Who Guides The Chain Gang Bike Tours?

So, Chain Gang’s 2009 season is now underway – just.

We have 4 guides working for us this summer, Pete McGee and Toby King in France, and Guido Dollert and Orlando Gensmantel in Italy. This year we also have the luxury of me and my brother, Mike Dugdale, on standby, able to fill in where necessary.

Mike, busy on standby Bernard, equally busy on standby

I’ve liked almost all of our guides over the last 13 years, but we’ve never had a guide rosta this strong, and as our season begins I thought it was appropriate to introduce them to you. All our guides were either friends before they started working for The Chain Gang, or have become friends since (except for Mike – he’s a brother!), so I’m mindful of their privacy. If you’re lucky enough to meet any of these guys you’ll find out a lot more about them, but here’s a thumbnail sketch.


Pete is a mechanic by trade, but got rid of his garage and tyre shop a few years ago. We met, Pete and I, in French evening classes the year I started the Chain Gang, and we’ve been good friends ever since. I don’t think either of us thought we’d end up working together, and especially not on bikes! Pete is a genius mechanic – as he replied to one cyclist when he was asked “Do you know anything about brakes?”, “I know everything about brakes, what’s the problem?”Pete in Burgundy And its true – bikes are childishly simple to Pete. He’s a confirmed francophone, with a house in Normandy, and by his own admission he enjoys drinking wine, rather than being a snob about it. A lot of Pete’s mates must have been a bit surprised to find how much he enjoys cycling, but luckily for me he’s grown to love it.


I met Toby through his brother, Ben. Ben has guided for us before as well, although by profession he’s a photographer. But his passion is bikes, and as a bike mechanic I don’t think I’ve met anyone as good. So when I heard that Ben’s brother wanted to work for us I was thrilled, and I haven’t been disappointed. Toby’s a keen cyclist in his early 30s who’s spent most of his working life managing night clubs. Having decided to go to University we were lucky enough that he wanted a summer pursuit.Toby in the Dordogne Toby’s still young enough that when he’s in France his French gets better, and when he cycles every day he gets fitter. This is very unfair on me and Pete, but there it is. Like me, Toby does like to get just a little bit arty about his wines, so be prepared to be blunt if the chit-chat is getting in the way of the glug-glug. Where in the world are Pete and Toby?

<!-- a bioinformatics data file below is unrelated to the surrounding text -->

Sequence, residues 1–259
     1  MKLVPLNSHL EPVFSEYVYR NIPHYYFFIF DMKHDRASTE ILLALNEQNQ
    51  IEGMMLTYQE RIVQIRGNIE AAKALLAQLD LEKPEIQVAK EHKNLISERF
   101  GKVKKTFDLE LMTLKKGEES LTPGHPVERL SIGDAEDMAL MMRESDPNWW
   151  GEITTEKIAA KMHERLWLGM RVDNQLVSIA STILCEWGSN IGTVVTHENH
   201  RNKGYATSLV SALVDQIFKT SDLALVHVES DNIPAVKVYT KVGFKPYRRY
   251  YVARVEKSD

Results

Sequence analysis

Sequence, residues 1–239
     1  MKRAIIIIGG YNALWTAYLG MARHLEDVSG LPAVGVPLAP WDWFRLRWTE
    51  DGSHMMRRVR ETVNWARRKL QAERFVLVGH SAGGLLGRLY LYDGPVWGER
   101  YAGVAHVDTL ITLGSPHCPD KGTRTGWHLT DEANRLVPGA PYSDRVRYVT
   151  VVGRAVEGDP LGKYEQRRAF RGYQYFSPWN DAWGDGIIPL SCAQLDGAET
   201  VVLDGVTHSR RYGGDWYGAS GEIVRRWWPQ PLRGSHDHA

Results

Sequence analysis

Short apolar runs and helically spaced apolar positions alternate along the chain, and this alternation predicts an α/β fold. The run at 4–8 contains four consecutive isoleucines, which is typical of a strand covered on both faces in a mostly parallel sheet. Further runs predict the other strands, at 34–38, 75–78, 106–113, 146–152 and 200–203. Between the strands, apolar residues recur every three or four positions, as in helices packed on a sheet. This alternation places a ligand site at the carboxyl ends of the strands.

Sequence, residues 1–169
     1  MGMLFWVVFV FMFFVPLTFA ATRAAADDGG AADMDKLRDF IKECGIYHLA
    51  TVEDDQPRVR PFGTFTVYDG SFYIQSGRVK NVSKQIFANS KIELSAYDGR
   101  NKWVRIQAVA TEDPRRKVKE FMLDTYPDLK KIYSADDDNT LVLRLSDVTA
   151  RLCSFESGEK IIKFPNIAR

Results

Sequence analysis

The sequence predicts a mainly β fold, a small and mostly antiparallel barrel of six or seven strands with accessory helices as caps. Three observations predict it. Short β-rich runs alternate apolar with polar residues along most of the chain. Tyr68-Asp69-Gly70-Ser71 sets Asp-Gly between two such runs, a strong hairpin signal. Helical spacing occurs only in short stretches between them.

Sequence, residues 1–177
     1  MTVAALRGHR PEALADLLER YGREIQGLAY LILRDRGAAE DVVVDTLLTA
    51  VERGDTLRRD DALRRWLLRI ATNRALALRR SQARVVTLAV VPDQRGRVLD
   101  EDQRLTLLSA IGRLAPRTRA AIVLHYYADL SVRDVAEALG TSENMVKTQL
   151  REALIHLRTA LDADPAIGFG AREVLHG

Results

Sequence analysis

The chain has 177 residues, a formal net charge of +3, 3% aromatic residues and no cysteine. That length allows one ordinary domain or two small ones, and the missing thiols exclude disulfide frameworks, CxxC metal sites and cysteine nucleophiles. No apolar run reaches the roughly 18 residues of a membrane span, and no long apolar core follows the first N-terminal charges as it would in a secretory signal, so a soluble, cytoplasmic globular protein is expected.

I’m pretty sure you will never have met anybody like Guido before. Although he’s German, Guido divides his time between Berlin and his house in Umbria. Of course he loves cycling, although he’s more into mountian biking in his own time, but the best thing about Guido is that he still has the air of delight that he managed to find somewhere as beautiful as Umbria, and he’s lucky enough to live there.

As I don’t speak Italian, I really need someone who thinks ahead of me, who treats the Italian end of our business as he would his own, so you can imagine how lucky I feel to have found Guido. Pete, Toby, Mike and I guide groups throughout France, in Burgundy, the Loire Valley, Provence, wherever, but Guido guides groups through his own back-yard, and whether you’re in the vineyards of chianti or admiring the frescoes at the Abbey of Monte Olivetto, Guido knows about it. Especially in Perugia. I love walking through Perugia with Guido, through the ancient Etruscan labyrinths, visiting Perugia’s most famous (tiny!) cafe, and if you ever manage to get him riled, please take a picture and let me know! Guido, demonstrating his special riding style


Another German in Italy, but Orlando has been living here since childhood, so he really is a child of Umbria. As you can imagine he’s fiercely proud of all things Umbrian, which I find fantastic. Orlando is approaching his mid-20s and studying at Perugia University. Of course, his Italian is fantastic, and he’s a super-fit cyclist, but he also has a native’s knowledge of the area and the people in it. Again, that’s really important to me when I’m so far away and don’t speak Italian. Orlando arranges impromptu visits to Enoteca, for example, when we’re in Montalcino, and he’s much better than me at ‘the real Tuscany and Umbria’. Which is how it should be. But don’t order a cappucino after midday. As a proper Italian Orlando doesn’t understand it and it upsets his rythym – he’ll think you’re ill. No, Orlando, not like that!

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